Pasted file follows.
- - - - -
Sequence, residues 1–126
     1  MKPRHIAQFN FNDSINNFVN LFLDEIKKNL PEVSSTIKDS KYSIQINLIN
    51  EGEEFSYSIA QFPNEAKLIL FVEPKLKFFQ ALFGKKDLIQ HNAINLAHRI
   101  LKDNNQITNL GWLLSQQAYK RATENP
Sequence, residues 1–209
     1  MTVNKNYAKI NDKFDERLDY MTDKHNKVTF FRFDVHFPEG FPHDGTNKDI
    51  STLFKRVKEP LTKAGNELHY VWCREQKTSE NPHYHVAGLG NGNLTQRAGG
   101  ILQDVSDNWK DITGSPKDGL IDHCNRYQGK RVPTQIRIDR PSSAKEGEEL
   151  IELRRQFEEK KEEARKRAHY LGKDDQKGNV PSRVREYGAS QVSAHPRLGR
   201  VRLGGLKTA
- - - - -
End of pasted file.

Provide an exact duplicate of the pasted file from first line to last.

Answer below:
Sequence, residues 1–126
     1  MKPRHIAQFN FNDSINNFVN LFLDEIKKNL PEVSSTIKDS KYSIQINLIN
    51  EGEEFSYSIA QFPNEAKLIL FVEPKLKFFQ ALFGKKDLIQ HNAINLAHRI
   101  LKDNNQITNL GWLLSQQAYK RATENP
Sequence, residues 1–209
     1  MTVNKNYAKI NDKFDERLDY MTDKHNKVTF FRFDVHFPEG FPHDGTNKDI
    51  STLFKRVKEP LTKAGNELHY VWCREQKTSE NPHYHVAGLG NGNLTQRAGG
   101  ILQDVSDNWK DITGSPKDGL IDHCNRYQGK RVPTQIRIDR PSSAKEGEEL
   151  IELRRQFEEK KEEARKRAHY LGKDDQKGNV PSRVREYGAS QVSAHPRLGR
   201  VRLGGLKTA